Scott Sundquist writes in the first of a three part series on mission:
"History is not the story of those who “sense” there is a problem. We all sense that there are problems in governments, societies, and churches. Everyone knows it and everyone complains about it. History is marked by those who have the clarity to see when it is time to act, those who understand why we must act, and those who can then communicate how to act.Our future in mission is led by our past faithfulness in mission. God certainly works in amazing ways, and sometimes, to our way of seeing things, ironic ways.
Very few Presbyterians are pleased with our denomination’s involvement in global mission at present. Very few people are pleased to know that at one time we had more than 2,000 full-time missionaries serving in the world (1959) and now we have fewer than 240. This is not a matter of theology or ideology. This is a general frustration with the present missional and cultural context in which we find our churches and ourselves. The world’s needs and the Gospel imperative both point to the obligation to move forward with greater innovation, participation, and creativity. This is not the time for a single prophetic leader to come forward and say, “This is the way.” This is the time when all men and women of goodwill, committed to the Lordship of Jesus Christ, hold hands and say, “Come, let’s all move forward together. Step in the river and let’s go to the promised land of mission.”
The promised land of mission is a place where Chinese, Koreans, Brazilians, Costa Ricans, Nigerians, and Kenyans are already there to greet us and welcome us. Our future in mission is led by our past faithfulness in mission. Mission today is messy, unorganized, and powerful. It is like the Holy Spirit of the living God: unpredictable, but powerful and transformative. In the words of New York Times reporter and commentator, Thomas Friedman, the missional world is “flat.” All people now have access to participation and innovation in mission. It is not just the number of adherents who are now heavily weighted to the South—thank you, Mr. Philip Jenkins—it is Christian mission that is basically a non-western enterprise with greater participation and access by second- and third-world Christians. ..."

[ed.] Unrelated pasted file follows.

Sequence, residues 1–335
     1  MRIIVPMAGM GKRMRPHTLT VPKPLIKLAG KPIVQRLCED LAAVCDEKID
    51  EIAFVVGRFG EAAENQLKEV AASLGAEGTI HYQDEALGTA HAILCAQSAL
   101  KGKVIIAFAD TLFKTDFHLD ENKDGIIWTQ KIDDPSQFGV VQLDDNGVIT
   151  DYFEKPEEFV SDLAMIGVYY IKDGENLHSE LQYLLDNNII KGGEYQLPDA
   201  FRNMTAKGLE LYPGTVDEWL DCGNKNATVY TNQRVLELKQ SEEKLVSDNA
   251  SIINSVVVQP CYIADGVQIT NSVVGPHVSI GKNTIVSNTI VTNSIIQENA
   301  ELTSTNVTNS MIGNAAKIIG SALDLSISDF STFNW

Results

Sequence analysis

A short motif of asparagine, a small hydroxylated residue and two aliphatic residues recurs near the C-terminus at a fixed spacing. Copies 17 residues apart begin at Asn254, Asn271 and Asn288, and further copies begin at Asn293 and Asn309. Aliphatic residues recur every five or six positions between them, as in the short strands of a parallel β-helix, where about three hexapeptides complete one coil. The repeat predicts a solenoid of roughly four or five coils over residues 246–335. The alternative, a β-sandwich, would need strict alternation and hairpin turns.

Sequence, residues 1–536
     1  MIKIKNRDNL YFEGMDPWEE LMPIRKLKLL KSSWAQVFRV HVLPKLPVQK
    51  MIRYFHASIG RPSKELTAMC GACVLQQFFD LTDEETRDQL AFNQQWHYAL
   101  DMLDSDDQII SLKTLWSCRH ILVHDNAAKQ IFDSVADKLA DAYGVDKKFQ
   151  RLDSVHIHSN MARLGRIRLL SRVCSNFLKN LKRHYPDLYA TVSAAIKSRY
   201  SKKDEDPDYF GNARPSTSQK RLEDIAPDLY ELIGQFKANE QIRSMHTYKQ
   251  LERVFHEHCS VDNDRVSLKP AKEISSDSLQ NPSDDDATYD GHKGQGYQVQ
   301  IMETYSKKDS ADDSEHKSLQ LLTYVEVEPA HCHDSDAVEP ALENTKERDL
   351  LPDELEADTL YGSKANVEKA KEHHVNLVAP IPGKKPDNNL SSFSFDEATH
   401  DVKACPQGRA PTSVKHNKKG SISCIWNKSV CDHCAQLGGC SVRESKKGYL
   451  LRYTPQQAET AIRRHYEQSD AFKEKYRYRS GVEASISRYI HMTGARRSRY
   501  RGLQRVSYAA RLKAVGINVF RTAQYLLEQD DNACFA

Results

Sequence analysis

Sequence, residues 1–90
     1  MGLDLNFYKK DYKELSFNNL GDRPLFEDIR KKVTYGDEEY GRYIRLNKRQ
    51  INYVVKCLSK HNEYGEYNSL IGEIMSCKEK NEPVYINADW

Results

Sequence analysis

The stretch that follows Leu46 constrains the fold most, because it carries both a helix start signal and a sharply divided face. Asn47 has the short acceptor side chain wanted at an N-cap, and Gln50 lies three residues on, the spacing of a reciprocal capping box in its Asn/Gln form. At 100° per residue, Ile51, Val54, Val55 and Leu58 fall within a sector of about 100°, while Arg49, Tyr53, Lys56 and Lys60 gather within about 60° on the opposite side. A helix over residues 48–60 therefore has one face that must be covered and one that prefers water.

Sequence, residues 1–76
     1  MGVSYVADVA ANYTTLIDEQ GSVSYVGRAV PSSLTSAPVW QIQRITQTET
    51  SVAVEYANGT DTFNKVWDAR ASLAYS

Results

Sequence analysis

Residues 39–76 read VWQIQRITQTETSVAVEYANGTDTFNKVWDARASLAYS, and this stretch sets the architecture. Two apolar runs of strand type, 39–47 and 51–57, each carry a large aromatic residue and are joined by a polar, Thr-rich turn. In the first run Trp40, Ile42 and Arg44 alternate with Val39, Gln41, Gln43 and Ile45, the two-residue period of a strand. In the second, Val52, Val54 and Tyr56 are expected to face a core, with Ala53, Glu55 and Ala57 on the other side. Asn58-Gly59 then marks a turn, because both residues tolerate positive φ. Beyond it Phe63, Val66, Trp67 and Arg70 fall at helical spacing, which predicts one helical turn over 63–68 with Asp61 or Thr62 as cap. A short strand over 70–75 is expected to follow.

The Great Ends of the Church were first proclaimed by the Presbyterian Church of North America nearly 100 years ago, at a time when the mission field was quite active in the Presbyterian Church. The first of these set the tone for what the Presbyterian Church saw as its reason for being: The proclamation of the Gospel for the salvation of humankind.
These Great Ends were adopted by the successor denominations, the United Presbyterian Church in the USA and our current denomination, The Presbyterian Church (USA). The General Assembly Council has adopted the six Great Ends as its mission statement.
Am I concerned that the earthly leadership in mission has moved out of the United States and Europe? Not at all! God, who is, after all, in charge, has called leaders in every time and place to carry on the work of the Church. It seems that we may now be called to follow the lead of our brothers and sisters in other parts of the world.
I am looking forward to reading Scott Sundquist's other articles in this series.